Step two is to prepare, as thoroughly as possible – this will help you feel just a little more confident.
Step three is to gather the necessary supports around you, backup plans and parachutes in case of emergency.
Step four – the most crucial, and definitely the most difficult one – is to tell that little voice in the back of your mind saying “YOU CAN’T,” to shut up. THIS ONE CAN TAKE A HELLA LONG TIME TO GET PAST. But you CAN. And if you want to, you WILL. Remember – you prepared your emergency parachutes (or in our case, emergency pillows).
And also remember – you are not going where no one has been before. Anything worth doing does not come easy. No one has achieved anything great without being in the exact same position you’re in now. Whether it is all the people in the past who have learned Crow pose, or all the people in the past who have followed their deepest dreams, YOU ARE NOT ALONE. But be kind with yourself if this step takes a long time. Fear is normal. Fear does in fact have a role in the road trip of our life, but our goal is to relinquish it to the backseat of the car. Don’t give it a map, don’t let it be a backseat driver, don’t let it pick the music or even hold the snacks. It’s only purpose is to keep motivating you to move forward.
Once you can progress beyond this step, (and again, be soft with yourself – this step is hard) you’re there. You’re in the driver’s seat. You’ve moved past fear, no one can stop you. Perhaps, just maybe, you fly.
And if you fall? Or fail? You might. In fact, it’s likely. Maybe it’s not like yoga class where we have a room full of blankets to pad your landing, but I guarantee you do have supports: your family, your friends, your teachers and mentors, probably even some less well-known admirers who have watched your journey unfold and have been silently in awe of your bravery. And like I said before, you’re not the first person to fall. Or fail. So what do you do then? Get back up, and try again.
There is beauty in falling, and in failing. The only step that follows, is to get back up. That’s how we learn, get stronger, and know how to move forward, with greater knowledge, and greater confidence. With less fear.
And I speak about fear, and about this workshop specifically, because I just went through this experience. This was my first ever yoga workshop. And guess what? I WAS SCARED OUT OF MY MIND. Like all normal humans, I thought about it for months, but procrastinated the shit out of preparing for it, so by the time I even got to step one of that above-mentioned transformation plan, the pressure was really on. Self-doubt and anxiety crept in, thoughts like “you don’t know enough about yoga to do this,” or “they’re all going to hate this workshop.” I thought about cancelling, secretly hoped my kid would be sick so I didn’t have to go (hey, just being honest). I didn’t sleep well the night before because that damn passenger, fear, kept trying to talk to me from the backseat. But, like every day, the morning came, the 10:00 hour rolled by, and the damn thing happened. And you know what? It was FUN. I opened up class discussing fear, and how we were going to move past it. WE. ALL OF US. TOGETHER. As in, me too. I was going to move past fear, just as much as my students were.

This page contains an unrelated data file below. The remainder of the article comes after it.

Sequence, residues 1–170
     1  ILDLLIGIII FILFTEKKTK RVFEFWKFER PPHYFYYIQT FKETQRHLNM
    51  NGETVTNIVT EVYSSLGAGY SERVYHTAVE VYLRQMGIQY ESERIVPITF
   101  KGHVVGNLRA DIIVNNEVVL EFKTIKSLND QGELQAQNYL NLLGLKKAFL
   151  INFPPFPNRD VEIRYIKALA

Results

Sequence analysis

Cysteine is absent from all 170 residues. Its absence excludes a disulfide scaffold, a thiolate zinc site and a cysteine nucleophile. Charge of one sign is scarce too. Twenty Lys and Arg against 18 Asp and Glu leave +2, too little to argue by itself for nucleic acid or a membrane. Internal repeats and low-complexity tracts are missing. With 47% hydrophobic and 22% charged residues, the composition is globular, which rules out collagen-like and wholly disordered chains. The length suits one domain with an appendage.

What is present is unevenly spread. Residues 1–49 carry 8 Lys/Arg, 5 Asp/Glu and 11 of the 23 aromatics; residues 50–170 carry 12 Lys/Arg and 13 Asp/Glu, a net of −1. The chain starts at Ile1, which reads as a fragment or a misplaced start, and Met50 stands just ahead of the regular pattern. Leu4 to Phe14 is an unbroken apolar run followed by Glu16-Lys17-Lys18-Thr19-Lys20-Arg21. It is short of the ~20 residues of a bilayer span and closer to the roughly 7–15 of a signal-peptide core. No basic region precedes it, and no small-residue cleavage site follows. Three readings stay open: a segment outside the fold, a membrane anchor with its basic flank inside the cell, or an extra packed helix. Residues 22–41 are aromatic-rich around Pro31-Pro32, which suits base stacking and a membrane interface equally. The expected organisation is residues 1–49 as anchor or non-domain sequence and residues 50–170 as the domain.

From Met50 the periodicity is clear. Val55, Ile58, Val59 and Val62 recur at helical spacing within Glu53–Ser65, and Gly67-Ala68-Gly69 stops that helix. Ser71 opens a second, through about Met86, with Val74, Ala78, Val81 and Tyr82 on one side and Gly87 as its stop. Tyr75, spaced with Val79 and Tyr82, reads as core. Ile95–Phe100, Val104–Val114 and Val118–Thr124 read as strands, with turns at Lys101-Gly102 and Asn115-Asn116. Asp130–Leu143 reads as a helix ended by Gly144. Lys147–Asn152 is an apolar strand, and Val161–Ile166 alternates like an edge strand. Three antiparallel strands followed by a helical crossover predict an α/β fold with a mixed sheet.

While the blankets and pillows supported them, who supported me?
Their enthusiasm and excitement was contagious. Their willingness to learn kept me going. Their bravery and strength was inspiring. We laughed, we fell, and together we moved past fear. Were there things I would have done differently? Probably. Were there things I forgot to include? Yes. So maybe I fell a little bit too. But the support I had, in the form of the humans around me, kept me moving forward. We all left transformed – stronger, more knowledgeable, and better prepared for the next opportunity to fall.
To the students who showed up to my very first workshop – thank you. Your presence meant more than you will ever know. Your confidence in me as a teacher is humbling. Your dedication to your practice, and to supporting each other, inspires me, and brings out my very deepest convictions about the beauty of the human experience. Your willingness to get back up, again, and again, and again – that helped ME to fly.
To you, I bow. Namaste.